Melee Near University of Colorado-Boulder Injures 3 Police Officers

Melee Near University of Colorado-Boulder Injures 3 Police Officers


Melee Near University of Colorado-Boulder Injures 3 Police Officers

Melee Near University of Colorado-Boulder Injures 3 Police Officers

BOULDER, Colo. — A large gathering that turned into a melee near the University of Colorado Boulder on Saturday evening left multiple students bleeding and tear-gassed, at least two vehicles damaged and three SWAT officers injured, the police said.

The officers were hurt as they tried to disperse the crowd in the University Hill neighborhood of Boulder. The officers were hit with bricks and rocks and sustained minor injuries, the Boulder Police Department said on Twitter, and the windshield of an armored car deployed to the scene was shattered.

Over 100 people started running toward the officers before tear gas was used, the city’s police chief, Maris Herold, said at a news conference on Sunday. The crowd was at its largest at about 7 p.m., involving as many as 800 people, the chief said.

Most of the attendees were not taking precautions against the coronavirus like social distancing or wearing masks. Infectious disease experts have raised concerns that as the weather warms and local restrictions ease, social gatherings and spring break trips could cause a surge in coronavirus cases.

The Boulder County district attorney, Michael T. Dougherty, said the episode was a “tremendous setback” in the city’s efforts to fight the pandemic. Jeff Zayach, the county’s public health director, called the lack of mask-wearing and social distancing “shocking and disturbing.”

Colorado recently reached 6,000 deaths from Covid-19, according to a New York Times database.

The university said it was “aware of a large party on University Hill on Saturday evening and allegations of violence toward police officers responding to the scene.”

“We condemn this conduct,” it said, adding that “it is unacceptable and irresponsible particularly in light of the volume of training, communication and enforcement” about coronavirus restrictions.

The neighborhood, known as the Hill, is home to bars and many of the university’s fraternity and sorority houses. Anna Haynes, the editor in chief of the CU Independent, a student-run news site, wrote in The New York Times last year, “It’s the place you go to party, pandemic or not.”

Students who live in the neighborhood said people were having small gatherings in their yards on Saturday to enjoy a warm day after having been cooped up by the cold weather and coronavirus restrictions.

But as videos of the scene were posted on social media, people who didn’t live there or were unaffiliated with the university, such as high school students, began gathering in the street.

Though it was clear not every person was a student at the university, “we’re not going to try to shift the blame,” Pat O’Rourke, the university’s chief operating officer, said.

Brynn Umansky, a junior at the university who lives in the University Hill neighborhood, said that “as soon as it turned dark, it turned into a whole mob and it literally kept growing over the night until the cops came.”

“It was really scary and awful and the police didn’t do anything for hours,” she said. “It was a lot, especially living right here and seeing all of it and not being able to do anything about it.”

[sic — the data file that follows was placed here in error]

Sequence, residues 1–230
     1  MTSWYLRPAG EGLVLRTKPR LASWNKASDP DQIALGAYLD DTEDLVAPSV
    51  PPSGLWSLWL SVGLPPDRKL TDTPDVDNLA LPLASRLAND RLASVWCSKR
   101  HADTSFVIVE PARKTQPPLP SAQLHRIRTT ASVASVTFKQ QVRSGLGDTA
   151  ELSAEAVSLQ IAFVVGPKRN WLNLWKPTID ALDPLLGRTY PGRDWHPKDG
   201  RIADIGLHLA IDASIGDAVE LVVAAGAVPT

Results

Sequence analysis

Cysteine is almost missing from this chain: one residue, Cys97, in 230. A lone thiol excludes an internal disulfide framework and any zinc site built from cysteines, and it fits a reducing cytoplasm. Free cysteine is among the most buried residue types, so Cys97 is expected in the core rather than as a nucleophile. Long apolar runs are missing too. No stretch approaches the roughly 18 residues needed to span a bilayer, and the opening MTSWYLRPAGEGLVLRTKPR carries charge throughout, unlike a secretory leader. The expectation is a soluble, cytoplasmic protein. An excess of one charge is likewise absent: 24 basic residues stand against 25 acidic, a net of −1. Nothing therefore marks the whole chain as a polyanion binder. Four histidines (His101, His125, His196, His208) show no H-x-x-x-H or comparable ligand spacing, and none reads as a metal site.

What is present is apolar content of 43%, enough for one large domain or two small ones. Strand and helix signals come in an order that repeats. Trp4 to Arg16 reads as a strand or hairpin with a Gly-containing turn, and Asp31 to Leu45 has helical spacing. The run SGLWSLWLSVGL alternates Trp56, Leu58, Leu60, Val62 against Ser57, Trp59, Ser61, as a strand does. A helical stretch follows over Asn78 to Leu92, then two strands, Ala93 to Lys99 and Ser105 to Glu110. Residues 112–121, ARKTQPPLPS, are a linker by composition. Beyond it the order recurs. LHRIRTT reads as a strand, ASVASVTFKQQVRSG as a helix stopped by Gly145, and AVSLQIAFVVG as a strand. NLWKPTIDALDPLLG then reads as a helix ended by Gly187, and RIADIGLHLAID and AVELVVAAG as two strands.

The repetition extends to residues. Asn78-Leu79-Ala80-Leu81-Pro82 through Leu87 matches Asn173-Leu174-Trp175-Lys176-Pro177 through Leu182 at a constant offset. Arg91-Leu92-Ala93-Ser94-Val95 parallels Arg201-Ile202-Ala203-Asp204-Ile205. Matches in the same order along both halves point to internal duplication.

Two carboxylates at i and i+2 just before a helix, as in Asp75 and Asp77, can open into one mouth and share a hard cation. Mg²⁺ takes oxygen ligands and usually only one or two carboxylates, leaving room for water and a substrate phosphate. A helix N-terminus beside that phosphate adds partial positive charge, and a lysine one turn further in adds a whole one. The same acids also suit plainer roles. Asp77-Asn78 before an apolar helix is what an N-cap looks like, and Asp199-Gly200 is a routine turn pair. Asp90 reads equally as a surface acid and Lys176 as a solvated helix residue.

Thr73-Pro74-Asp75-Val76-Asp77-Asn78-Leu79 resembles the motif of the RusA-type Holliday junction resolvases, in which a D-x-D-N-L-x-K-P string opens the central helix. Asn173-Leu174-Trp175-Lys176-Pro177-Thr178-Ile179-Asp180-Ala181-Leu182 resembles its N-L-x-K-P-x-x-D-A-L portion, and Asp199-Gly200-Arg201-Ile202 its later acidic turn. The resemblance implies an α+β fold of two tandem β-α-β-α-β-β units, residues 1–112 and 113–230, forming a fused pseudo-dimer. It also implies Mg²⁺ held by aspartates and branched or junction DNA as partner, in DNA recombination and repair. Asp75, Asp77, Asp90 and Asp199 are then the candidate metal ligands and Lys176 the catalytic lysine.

Ms. Umansky and her roommates watched the scene unfold from their balcony as people climbed onto their roof and tried to enter. Kendall St. Claire, a junior who lives with Ms. Umansky, said that attendees hurled bottles and rocks at police cars, injuring people in the process.

Those injured “were just coming into our house and we couldn’t stop them,” Ms. St. Claire said, adding that most of them were severely intoxicated. “At least three people I had seen had gashes in the middle of their forehead,” she said.

Isabella Sackheim was at Ms. Umanksy’s house when someone told her that her car, a silver Nissan Versa, had been rolled over.

“People were cheering,” Ms. Umansky said. “It was horrible. It was mob mentality, for sure.”

The police received calls shortly before 5 p.m. about “a large party” on the block, the city said. At 5:40 p.m. “the crowd swelled and individuals began pelting the officers with glass bottles,” according to the city, and at 5:48 p.m. the Boulder Police Department activated its SWAT unit. It wasn’t until 9 p.m. that the crowd began to disperse, the city said.

Ms. Sackheim said that the episode was “really disappointing,” but that she was encouraged by the university community’s efforts to help her. One of Ms. Sackheim’s friends set up a GoFundMe page, and someone posted her Venmo user name on social media, she said, raising $9,000 to replace her car.

At one point during the melee, people danced on an Amazon delivery truck, students said. A summons was issued to one of the people on the truck, the police chief said.

No arrests were made on Saturday, though some citations for violations of public health orders were issued earlier in the day, Chief Herold said. The department is reviewing body camera footage as well as photos and videos posted on social media to identify those involved, she said.

Frida Carlson, a senior, said she hoped the university would increase coronavirus testing and consider canceling in-person classes for two to three weeks over fears that the gathering might have been a superspreader event.

Mr. O’Rourke said that in-person classes would continue this week but that students could raise concerns with their professors. City and university officials have urged anyone at the gathering to quarantine for 10 days and to seek virus testing. Mr. O’Rourke said that students would not be identified or penalized for seeking testing.

“I’m sure there will be an outbreak,” Ms. Umanksy said.




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